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    ABSTRACT: Recent reports have documented the presence of SV40 large T antigen (T ag) sequences in a number of human tumors and raised the question of whether cellular immunity to T ag is elicited in such individuals. We used HLA-A2.1 transgenic C57BL/6 mice to identify an epitope from T ag recognized by CD8+ CTLs when presented by this human MHC class I molecule. Immunization of HLA-A2.1 transgenic mice with syngeneic T ag-transformed cells resulted in the induction of HLA-A2.1-restricted, T ag-specific CTLs. The target epitope, residues 281-289 (KCDDVLLLL) of T ag, was identified using both cell lines expressing T ag variants and synthetic T ag peptides. Peptide 281-289 bound stably to HLA-A2.1 molecules, effectively sensitized target cells for CTL lysis, and was efficiently processed from endogenous T ag in cells of both mouse and human origin. CTLs were not cross-reactive on the human BK or JC virus T ags. Thus, SV40 T ag 281-289 represents a potential specific CTL recognition epitope for humans.
    Full-text · Article · Mar 2001 · Cancer Research
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    ABSTRACT: Viral oncogenes, mutated cellular oncogenes, or other adventitious agents that might contaminate vaccine preparations on inoculation of the host will encounter a T cell-mediated immune response which will play a determining role in the progression of neoplastic events or replication of contaminating viral agents. Using SV40 T antigen tumour systems as a model we discuss the regions of the oncoprotein that have an impact on tumourigenicity and the role of CD8 T lymphocyte immune responses in eliminating potential tumour cells. In addition, we discuss measures that counteract T cell immune responses to abrogate T cell-mediated immunosurveillance.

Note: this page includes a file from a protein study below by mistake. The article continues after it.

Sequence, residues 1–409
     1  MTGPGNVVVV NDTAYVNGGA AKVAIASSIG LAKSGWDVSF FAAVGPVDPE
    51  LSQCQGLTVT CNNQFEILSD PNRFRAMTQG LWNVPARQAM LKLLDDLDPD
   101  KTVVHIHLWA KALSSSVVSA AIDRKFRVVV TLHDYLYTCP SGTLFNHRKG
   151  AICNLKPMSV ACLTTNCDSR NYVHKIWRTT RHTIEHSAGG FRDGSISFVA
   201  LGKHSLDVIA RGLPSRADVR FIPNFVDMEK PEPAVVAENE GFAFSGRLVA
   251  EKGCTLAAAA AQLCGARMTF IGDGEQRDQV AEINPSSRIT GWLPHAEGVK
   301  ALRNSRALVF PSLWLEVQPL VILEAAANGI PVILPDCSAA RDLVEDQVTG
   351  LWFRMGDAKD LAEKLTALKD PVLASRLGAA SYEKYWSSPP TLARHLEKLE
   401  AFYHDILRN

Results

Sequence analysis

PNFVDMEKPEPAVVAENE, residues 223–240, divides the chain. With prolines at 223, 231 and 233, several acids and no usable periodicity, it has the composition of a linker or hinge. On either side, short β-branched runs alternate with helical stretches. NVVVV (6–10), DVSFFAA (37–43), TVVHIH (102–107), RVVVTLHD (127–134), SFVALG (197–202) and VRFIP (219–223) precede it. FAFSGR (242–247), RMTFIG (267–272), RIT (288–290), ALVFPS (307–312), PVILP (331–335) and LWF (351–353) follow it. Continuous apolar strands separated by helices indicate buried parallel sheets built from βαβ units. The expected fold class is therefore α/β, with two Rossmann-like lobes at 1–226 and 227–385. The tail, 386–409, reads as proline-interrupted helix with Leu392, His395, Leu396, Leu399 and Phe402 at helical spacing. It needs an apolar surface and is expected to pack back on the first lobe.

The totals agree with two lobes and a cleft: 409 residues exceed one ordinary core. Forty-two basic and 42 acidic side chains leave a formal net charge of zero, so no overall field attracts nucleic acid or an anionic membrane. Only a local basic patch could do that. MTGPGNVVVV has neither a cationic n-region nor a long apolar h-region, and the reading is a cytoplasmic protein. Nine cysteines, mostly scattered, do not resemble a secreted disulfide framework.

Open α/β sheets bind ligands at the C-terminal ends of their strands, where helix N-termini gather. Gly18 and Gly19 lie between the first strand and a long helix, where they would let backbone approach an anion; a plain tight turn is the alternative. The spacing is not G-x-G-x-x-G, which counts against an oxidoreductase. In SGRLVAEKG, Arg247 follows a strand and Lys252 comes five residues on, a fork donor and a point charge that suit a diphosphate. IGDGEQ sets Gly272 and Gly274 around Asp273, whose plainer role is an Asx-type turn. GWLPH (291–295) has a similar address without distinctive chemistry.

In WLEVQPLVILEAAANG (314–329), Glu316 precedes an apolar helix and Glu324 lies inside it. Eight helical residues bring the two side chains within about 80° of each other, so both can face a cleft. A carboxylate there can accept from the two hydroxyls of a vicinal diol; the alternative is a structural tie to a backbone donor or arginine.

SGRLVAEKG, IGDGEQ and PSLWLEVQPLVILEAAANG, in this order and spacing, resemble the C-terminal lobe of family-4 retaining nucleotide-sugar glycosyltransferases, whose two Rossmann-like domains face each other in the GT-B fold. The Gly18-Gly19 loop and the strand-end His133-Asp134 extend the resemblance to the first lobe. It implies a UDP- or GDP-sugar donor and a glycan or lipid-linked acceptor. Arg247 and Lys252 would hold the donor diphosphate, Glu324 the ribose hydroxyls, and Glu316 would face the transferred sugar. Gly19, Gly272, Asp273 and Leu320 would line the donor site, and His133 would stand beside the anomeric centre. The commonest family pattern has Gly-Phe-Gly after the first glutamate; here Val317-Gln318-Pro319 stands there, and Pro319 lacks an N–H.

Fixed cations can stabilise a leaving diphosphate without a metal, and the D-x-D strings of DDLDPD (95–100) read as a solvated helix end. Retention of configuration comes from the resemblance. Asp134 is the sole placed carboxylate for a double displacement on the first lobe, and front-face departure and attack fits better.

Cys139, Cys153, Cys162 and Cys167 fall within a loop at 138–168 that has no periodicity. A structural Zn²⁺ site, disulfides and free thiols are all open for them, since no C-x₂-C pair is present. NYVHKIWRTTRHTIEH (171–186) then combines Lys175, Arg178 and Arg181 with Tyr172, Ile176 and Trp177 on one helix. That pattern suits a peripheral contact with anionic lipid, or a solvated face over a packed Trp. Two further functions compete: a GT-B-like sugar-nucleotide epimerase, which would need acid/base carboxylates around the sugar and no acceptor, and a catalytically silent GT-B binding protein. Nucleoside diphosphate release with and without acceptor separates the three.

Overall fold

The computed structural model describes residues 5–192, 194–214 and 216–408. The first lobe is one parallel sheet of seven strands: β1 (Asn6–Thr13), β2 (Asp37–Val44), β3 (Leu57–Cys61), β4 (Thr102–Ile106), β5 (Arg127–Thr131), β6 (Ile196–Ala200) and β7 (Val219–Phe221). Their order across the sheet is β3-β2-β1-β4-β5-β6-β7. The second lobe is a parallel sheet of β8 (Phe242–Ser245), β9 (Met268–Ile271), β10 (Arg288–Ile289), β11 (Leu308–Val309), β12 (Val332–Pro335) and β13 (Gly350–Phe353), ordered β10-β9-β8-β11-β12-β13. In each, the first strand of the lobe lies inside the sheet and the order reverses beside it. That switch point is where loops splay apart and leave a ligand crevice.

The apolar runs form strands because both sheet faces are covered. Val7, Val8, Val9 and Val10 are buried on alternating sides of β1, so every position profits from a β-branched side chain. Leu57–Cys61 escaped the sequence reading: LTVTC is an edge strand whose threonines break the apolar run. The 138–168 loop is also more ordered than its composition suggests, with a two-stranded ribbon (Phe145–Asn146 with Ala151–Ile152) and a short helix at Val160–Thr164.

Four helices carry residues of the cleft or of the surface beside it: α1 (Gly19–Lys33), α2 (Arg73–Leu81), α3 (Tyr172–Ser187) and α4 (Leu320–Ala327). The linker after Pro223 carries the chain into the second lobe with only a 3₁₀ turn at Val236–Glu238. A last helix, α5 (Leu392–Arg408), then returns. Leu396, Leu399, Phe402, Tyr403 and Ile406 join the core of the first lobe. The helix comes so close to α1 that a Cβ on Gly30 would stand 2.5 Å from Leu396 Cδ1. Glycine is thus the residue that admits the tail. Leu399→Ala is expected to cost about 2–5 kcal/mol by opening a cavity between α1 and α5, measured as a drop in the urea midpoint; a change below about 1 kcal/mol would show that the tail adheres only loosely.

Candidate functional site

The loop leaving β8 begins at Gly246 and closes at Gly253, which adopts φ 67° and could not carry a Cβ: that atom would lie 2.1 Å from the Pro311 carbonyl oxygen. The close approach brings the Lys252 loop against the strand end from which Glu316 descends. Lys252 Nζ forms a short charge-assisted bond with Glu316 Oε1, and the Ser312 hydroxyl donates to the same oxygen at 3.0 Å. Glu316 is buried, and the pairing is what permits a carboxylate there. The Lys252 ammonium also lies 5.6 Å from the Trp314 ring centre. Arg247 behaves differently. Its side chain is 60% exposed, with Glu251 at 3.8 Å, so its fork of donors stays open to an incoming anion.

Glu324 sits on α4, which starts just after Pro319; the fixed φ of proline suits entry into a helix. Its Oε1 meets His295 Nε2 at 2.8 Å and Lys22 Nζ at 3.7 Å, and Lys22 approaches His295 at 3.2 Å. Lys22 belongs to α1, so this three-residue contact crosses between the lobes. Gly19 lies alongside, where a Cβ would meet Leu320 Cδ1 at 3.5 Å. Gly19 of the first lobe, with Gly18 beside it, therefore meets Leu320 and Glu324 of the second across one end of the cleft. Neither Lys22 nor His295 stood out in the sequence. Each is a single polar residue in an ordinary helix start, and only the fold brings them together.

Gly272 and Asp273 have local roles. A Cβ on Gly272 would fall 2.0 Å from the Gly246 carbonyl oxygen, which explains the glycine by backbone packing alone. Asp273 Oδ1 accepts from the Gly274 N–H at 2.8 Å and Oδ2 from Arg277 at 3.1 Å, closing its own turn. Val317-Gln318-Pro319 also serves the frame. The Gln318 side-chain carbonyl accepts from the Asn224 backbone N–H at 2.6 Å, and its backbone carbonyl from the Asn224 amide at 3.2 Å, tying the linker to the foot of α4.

No preview · Article · Feb 2001 · Developments in biologicals
  • T D Schell · S S Tevethia

    No preview · Article · Feb 2001 · Methods in Molecular Biology
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    T D Schell · B. B. and Knowles · S S Tevethia
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    ABSTRACT: The role of CTL tolerance in tumor immunity to SV40 large T antigen (T ag)-induced tumors was studied using T ag transgenic mice of the line 501 (H2b). 501 mice express SV40 T ag under the influence of the alpha-amylase promoter, which leads to the development of osteogenic osteosarcomas late in life and eventual death between 12 and 17 months of age. We determined the ability of 501 mice to respond to the four H2b-restricted T ag CTL epitopes, which include epitope I (T ag 206-215), epitope II/III (T ag 223-231), the immunorecessive epitope V (T ag 489-497), restricted by H2-Db, and epitope IV (T ag 404-411), restricted by H2-Kb. We demonstrate that 501 mice are partially tolerant to the H2b-restricted T ag epitopes. Immunization of 4-month-old 501 mice with T ag-transformed syngeneic cell lines or a recombinant vaccinia virus expressing full-length T ag elicited CTL responses against the H2-Kb-restricted T ag epitope IV only. In contrast, immunization of 4-month-old 501 mice with recombinant vaccinia viruses expressing individual T ag epitopes as minigenes elicited CTLs against epitopes I, IV, and V, but not against epitope II/III. Complete tolerance to epitopes I, IV, and V developed in 501 mice, but the age when tolerance was detected varied for each epitope. Tolerance to epitope I occurred by 6 months of age and was accelerated in the absence of CD4+ T cells. Tolerance to the immunorecessive epitope V was observed in 12-month-old 501 mice but was independent of the presence of osteosarcomas. In contrast, CTLs specific for epitope IV were detected in mice from 3 to 14 months of age but not in mice that had developed osteosarcomas. Analysis of epitope IV-specific CD8+ cells derived from 3-month-old 501 mice with H2-Kb/epitope IV tetramers revealed decreased numbers of epitope IV-specific CD8+ cells in 501 mice relative to C57BL/6 mice, with a further decrease in older 501 mice. Tumor progression resulted in loss of H2-Kb/epitope IV tetramer staining CD8+ cells. Thus, progression to tolerance to individual T ag CTL epitopes in 501 mice is epitope dependent.